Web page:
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Dublin: 18°C Monday 26 July 2021

Japanese dash to recover decomposing bodies near Fukushima

As levels of radiation from nuclear plant stabilise, nearly 1,000 searchers begin trawl through 20km exclusion zone.

Police officers in protective suits search for missing people in Fukushima prefecture
Police officers in protective suits search for missing people in Fukushima prefecture
Image: PA Images

JAPANESE police are racing today to find thousands of missing bodies before they decompose along a stretch of tsunami-pummeled coast that has been largely off-limits because of a radiation-leaking nuclear plant.

Nearly a month after a 9.0-earthquake generated the tsunami along Japan’s northeastern coast, more than 14,700 people are still missing. Many of those may have been washed out to sea and will never be found.

In the days just after the March 11 disaster, searchers gingerly picked through mountains of tangled debris, hoping to find survivors. Heavier machinery has since been called in, but unpredictable tides of radiation from the Fukushima Dai-ichi nuclear complex have slowed progress and often forced authorities to abandon the search, especially within a 12-mile (20km) evacuation zone around the plant.

Officials now say there’s not much time left to find and identify the dead, and are ramping up those efforts. Ryoichi Tsunoda, a police spokesman in Fukushima prefecture, where the plant is located, said:

We have to find bodies now as they are decomposing. This is a race against time and against the threat of nuclear radiation.

Up to 25,000 people are believed to have been killed, of which 12,500 have been confirmed.There is expected to be some overlap in the dead and missing tolls because not all of the bodies have been identified.

Recent progress at the plant — which the tsunami flooded — appears to have slowed the release of radiation. Early yesterday, technicians there plugged a crack that had been gushing contaminated water into the Pacific. Radiation levels in waters off the coast fell dramatically later in the day, though contaminated water continues to pool throughout the complex, often thwarting work there.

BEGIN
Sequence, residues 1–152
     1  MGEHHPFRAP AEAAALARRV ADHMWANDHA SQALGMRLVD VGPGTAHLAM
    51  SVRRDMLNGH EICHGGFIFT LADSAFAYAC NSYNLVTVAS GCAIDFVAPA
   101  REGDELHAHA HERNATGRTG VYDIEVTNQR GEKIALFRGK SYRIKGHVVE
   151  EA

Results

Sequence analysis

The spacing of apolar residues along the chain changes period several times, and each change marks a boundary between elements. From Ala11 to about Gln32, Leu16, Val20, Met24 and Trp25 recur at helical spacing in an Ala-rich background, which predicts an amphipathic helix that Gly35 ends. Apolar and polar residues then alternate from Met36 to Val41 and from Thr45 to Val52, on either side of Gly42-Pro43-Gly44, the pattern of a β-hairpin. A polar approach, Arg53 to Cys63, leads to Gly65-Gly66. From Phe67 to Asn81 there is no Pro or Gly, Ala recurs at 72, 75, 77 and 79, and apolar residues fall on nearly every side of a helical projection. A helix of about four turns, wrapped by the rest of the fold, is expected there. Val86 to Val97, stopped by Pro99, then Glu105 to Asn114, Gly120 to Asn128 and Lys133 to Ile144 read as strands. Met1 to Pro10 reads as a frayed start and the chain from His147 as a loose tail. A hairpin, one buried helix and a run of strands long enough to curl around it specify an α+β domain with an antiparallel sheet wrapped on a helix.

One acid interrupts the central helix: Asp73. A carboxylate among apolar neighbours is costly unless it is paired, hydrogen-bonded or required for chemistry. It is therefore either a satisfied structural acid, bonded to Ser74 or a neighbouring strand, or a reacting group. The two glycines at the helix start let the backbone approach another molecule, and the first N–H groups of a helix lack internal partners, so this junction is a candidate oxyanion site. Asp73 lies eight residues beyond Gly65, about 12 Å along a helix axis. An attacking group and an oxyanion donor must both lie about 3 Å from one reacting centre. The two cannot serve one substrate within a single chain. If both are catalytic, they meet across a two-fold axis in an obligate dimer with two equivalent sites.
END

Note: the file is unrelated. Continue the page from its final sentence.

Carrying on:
After notching that rare victory, technicians began pumping nitrogen into the chamber of reactor in order to reduce the risk of a hydrogen explosion.

Three hydrogen blasts rocked the complex in the days immediately following the tsunami, which knocked out vital cooling systems. An internal report from March 26 by the U.S. Nuclear Regulatory Commission warned such explosions could occur and recommended adding nitrogen. The gas will be injected into all three of the troubled reactors over the next six days

Radiation has stabilised somewhat in recent days, Tsunoda said, and a small team resumed the search in Fukushima prefecture on Sunday. But the operation is dramatically increasing today, when 330 police and 650 soldiers fan out, wearing white protective gear from head to toe.

Teams patrolled deserted streets on the fringes of Minami Soma, a city just on the edge of the no-go zone that was completely flattened in the crush of water. One body was pulled out of the rubble this morning.

One officer said:

We just got started here this morning, so we expect there will be many more.

More than 1,000 people are missing in the city alone.

“I believe the search will continue until they find as many of the missing as they can, but we fear many of the missing were washed out to sea or are buried under rubble,” said Takamitsu Hoshi, a city official. “We haven’t been able to do much searching at all because of the radiation concerns. It was simply too dangerous.”


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